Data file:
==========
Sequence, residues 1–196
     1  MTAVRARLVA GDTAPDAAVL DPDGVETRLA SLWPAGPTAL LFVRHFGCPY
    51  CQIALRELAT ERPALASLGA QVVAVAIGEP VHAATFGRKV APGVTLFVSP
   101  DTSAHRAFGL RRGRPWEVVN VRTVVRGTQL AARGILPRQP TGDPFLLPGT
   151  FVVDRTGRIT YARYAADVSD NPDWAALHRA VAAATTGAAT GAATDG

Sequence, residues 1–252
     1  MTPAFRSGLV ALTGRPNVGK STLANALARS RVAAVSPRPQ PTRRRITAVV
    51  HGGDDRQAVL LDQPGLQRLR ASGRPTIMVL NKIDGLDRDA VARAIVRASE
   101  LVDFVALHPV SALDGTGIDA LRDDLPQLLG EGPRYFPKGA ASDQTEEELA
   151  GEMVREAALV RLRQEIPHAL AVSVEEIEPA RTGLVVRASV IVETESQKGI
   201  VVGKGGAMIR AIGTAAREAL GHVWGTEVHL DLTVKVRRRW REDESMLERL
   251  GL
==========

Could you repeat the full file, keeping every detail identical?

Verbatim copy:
Sequence, residues 1–196
     1  MTAVRARLVA GDTAPDAAVL DPDGVETRLA SLWPAGPTAL LFVRHFGCPY
    51  CQIALRELAT ERPALASLGA QVVAVAIGEP VHAATFGRKV APGVTLFVSP
   101  DTSAHRAFGL RRGRPWEVVN VRTVVRGTQL AARGILPRQP TGDPFLLPGT
   151  FVVDRTGRIT YARYAADVSD NPDWAALHRA VAAATTGAAT GAATDG

Sequence, residues 1–252
     1  MTPAFRSGLV ALTGRPNVGK STLANALARS RVAAVSPRPQ PTRRRITAVV
    51  HGGDDRQAVL LDQPGLQRLR ASGRPTIMVL NKIDGLDRDA VARAIVRASE
   101  LVDFVALHPV SALDGTGIDA LRDDLPQLLG EGPRYFPKGA ASDQTEEELA
   151  GEMVREAALV RLRQEIPHAL AVSVEEIEPA RTGLVVRASV IVETESQKGI
   201  VVGKGGAMIR AIGTAAREAL GHVWGTEVHL DLTVKVRRRW REDESMLERL
   251  GL